In the night of the 14th of December the “Großes Hauptteleskop der Oldenburger Sternwarte” (GHOST) of the university observatory of Oldenburg (G01) was able to recover an Near-Earth Asteroid (NEA) that was missed for 17 years. At first, it was believed that the detected object was a new discovered asteroid, but after several observations of 25 observatories worldwide it became clear that the orbit is identical with the object “2005 XW4” or “K05X04W” which could not be observed anymore since the end of 2005 and the predictions of the orbit were too uncertain. The Oldenburg telescope was one of the first telescopes worldwide that observed the object after the ATLAS telescope at Haleakala (T05), Hawaii, initially (re-)found the object about 10 hours prior. With a visual magnitude of about 18 mag it was a relativly bright NEA, thus many observatories were able to make observations.
2005 XW4 was first discovered at Lincol Laboratory ETS in New Mexico on 6th of December 2005. It is an Near-Earth Asteroid (NEA) with a diameter of 160 m (assuming albedo of 15%) and a minimal orbital intersection distance with Earth of 0.06866 AU (10.3 Million km or about 27 moon distances). Eventhough it is currently not considered a risk according to the ESA risk list, since to current measurements it will not hit Earth in the future, it should be observed frequently to improve the predictions. The goal is that the object is not lost again. This is why the Oldenburg telescopes are observing the object as long as it is close and bright enough.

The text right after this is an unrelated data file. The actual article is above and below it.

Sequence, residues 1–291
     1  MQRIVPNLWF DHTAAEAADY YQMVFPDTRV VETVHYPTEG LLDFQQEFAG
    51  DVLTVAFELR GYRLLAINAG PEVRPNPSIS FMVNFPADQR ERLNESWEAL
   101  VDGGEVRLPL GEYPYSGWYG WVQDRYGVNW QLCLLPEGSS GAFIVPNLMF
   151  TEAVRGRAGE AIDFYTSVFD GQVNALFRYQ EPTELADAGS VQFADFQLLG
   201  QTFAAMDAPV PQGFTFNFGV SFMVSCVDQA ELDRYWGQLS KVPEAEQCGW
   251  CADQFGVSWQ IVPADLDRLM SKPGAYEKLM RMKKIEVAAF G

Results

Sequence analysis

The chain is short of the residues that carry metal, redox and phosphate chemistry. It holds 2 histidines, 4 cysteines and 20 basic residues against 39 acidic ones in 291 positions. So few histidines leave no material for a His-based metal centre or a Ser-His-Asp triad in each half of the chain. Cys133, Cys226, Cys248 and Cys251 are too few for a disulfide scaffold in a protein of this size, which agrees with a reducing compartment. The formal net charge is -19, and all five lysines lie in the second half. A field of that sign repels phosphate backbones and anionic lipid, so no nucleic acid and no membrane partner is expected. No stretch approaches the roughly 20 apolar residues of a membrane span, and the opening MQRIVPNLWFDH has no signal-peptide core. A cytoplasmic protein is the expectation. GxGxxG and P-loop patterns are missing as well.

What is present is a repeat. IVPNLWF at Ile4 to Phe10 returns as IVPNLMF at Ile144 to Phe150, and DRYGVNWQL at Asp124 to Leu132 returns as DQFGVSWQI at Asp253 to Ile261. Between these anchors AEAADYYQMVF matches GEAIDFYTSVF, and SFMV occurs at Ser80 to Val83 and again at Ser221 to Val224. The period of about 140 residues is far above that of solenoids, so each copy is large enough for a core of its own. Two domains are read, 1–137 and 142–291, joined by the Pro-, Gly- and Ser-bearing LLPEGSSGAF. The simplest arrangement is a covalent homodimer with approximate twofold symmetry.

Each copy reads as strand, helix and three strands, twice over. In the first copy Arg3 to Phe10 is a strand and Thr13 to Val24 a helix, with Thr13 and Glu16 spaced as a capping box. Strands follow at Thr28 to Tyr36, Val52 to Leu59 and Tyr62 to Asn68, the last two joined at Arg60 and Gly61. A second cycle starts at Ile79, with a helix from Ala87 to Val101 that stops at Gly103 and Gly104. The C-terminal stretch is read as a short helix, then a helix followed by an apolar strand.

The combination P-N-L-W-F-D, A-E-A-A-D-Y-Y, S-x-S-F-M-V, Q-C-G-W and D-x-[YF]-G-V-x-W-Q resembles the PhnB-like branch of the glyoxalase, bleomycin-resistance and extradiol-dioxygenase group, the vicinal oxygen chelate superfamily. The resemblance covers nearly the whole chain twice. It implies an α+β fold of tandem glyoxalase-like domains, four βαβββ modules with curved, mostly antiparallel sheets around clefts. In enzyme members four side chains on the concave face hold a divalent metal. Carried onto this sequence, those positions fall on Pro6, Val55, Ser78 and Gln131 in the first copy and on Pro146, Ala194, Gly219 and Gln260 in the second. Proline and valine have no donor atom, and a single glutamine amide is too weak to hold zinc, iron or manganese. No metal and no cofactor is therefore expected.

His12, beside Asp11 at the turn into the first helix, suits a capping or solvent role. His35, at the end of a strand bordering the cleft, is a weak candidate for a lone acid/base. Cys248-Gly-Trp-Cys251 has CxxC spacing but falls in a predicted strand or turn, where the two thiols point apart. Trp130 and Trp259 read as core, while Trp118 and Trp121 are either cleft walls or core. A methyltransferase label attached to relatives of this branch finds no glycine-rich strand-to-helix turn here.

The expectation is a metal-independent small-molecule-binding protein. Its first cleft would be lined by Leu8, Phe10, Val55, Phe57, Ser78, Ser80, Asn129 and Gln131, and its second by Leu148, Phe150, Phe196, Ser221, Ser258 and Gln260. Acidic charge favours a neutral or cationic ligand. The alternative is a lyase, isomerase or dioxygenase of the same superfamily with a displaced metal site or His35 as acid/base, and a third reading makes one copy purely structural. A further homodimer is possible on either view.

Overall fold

This is now the second time the university observatory was able to help find objects from the “NEO Confirmation Page” of the MinorPlanetCenter. Since launch of the NEO observation system in Oldenburg, both telescopes of the university observatory, GHOST and ORT, made more than 800 follow-up observations of small objects in the solar system. They submit their measurements to Minor Planet Center (MPC), which combines measurements from observatories all around the world and calculates precise orbits of these objects. This ensures that all objects that could be dangerous for Earth are tracked. An original research article was published in October about the system in Oldenburg. It can be read here: https://www.frontiersin.org/articles/10.3389/fspas.2022.895732/full
More Information on the object 2005 XW4: